Veg box schemes provide organic, or locally grown (or both) vegetables and fruits, and often inspire new meal ideas – after all, once a new veggie has arrived on your doorstep you’ll need to find a way to use it!
Consider stocking up on some ‘emergency’ ingredients – things that can be quickly thrown together to make a meal – for those occasions when (and it is when, not if!) your best laid plans go awry.
Baking potatoes: they keep for weeks in a cold dark place and can easily accompany a leftover chilli, ratatouille, frozen fish and vegetables…
Frozen vegetables: peas, sweetcorn and cauliflower florets have a pretty much permanent home in my freezer.
For tips on which vegetables freeze well and which are best left fresh, see here
Frozen white fish (sustainably caught): this cooks from frozen in 25mins and is delicious smothered in a tomato & vegetable sauce served with that baking potato you bought earlier or sweet potato wedges and broccoli…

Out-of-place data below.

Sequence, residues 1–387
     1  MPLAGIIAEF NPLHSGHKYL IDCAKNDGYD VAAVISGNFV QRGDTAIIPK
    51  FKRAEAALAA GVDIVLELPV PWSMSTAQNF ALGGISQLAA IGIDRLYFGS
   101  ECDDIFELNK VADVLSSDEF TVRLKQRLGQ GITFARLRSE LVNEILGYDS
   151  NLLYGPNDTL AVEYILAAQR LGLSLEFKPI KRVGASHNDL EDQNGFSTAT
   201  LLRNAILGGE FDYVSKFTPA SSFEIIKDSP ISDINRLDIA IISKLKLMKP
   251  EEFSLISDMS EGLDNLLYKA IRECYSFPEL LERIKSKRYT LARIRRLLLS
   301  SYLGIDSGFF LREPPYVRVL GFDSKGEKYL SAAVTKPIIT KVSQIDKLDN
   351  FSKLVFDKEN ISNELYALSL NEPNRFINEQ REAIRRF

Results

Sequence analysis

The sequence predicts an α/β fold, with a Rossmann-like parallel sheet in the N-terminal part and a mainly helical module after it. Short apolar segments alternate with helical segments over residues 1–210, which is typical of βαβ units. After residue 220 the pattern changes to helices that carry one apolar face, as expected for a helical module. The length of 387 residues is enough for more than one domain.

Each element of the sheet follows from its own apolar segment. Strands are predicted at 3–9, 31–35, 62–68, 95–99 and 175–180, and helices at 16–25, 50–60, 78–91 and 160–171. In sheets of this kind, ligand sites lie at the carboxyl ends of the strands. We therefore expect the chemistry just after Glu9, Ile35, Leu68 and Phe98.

Tinned tomatoes, red lentils and vegetable stock: here you have the base of a vegetable and lentil broth. Add chicken or a selection of leftover vegetables and you have a nourishing, warming meal.
Vegetarians and vegans: buy extra tofu to drain and freeze, so you have a versatile protein source to hand when needed. Not frozen tofu before? Follow the steps here.
What are your top tips for getting organised in the kitchen?
Email me at firstname.lastname@example.org or share them in the Facebook group at www.facebook.com/groups/nutritioninyork
If you’d like to know more about how we can work together to tailor your nutrition needs check out the consultation options or email or call today – 07910 705272 – and let’s get started!
As if we ladies haven’t got enough to do in our 40s and 50s, juggling jobs, homes, family and fitness whilst finally (finally!) not caring what other people think of us, along comes the hormonal havoc of menopause.
Hot flushes. Mood swings. Crazy irregular periods. Hair thinning. Forgetfulness. Anxiety. Just a few of the delights we can experience as we transition through this phase of life.